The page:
NEW ORLEANS, Sept. 18 (UPI) -- New Orleans Mayor Ray Nagin's invitation for 180,000 to return to the storm-battered city this week has brought criticism from federal emergency officials.
"The return of the general population to the city of New Orleans is problematic," Vice Adm. Thad Allen told The Washington Post. Allen was appointed by President Bush to oversee the Federal Emergency Management Agency's recovery program.
Thursday, Nagin called for a phased-in return beginning this weekend with businesses, followed days later by three neighborhoods with minimal damage.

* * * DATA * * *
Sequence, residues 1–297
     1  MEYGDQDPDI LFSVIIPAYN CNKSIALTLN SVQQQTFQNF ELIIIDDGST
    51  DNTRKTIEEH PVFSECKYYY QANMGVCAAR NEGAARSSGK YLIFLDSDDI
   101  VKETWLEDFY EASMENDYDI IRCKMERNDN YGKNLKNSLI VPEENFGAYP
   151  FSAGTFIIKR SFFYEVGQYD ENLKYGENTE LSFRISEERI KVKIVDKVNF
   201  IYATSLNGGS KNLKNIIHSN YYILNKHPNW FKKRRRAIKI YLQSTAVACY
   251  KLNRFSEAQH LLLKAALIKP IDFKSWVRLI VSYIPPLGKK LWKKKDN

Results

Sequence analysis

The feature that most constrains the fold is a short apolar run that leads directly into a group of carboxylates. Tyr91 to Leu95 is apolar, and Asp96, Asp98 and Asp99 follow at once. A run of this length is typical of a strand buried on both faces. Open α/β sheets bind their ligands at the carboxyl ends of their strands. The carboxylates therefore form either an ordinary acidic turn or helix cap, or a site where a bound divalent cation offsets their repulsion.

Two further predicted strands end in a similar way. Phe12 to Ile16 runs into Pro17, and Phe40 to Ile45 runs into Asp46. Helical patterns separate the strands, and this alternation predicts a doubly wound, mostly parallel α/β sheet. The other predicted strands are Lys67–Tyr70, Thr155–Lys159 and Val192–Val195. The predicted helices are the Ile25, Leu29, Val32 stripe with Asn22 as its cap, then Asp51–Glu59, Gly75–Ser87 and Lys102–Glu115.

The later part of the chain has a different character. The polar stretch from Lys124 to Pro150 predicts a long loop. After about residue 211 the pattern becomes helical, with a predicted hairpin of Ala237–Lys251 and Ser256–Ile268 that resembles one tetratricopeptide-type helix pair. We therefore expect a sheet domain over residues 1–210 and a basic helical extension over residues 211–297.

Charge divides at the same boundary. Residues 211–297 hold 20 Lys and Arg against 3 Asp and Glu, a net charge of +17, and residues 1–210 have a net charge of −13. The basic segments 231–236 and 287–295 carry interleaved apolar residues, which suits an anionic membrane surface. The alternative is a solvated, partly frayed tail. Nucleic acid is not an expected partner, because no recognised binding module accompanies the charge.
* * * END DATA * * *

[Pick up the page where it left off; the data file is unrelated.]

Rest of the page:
However, the New Orleans Times Picayune said although the areas escaped massive damage, there was still no electricity, clean water or food to be purchased since the Aug. 29 strike by Hurricane Katrina.
Maj. John Thomas, a FEMA spokesman told the newspaper federal officials were not trying to discredit Nagin's plan but merely to promote public awareness.
"What's important to understand is that conditions are, in many cases, inhospitable," Thomas said. "It's not like it used to be. People need to be aware of the safety and health hazards."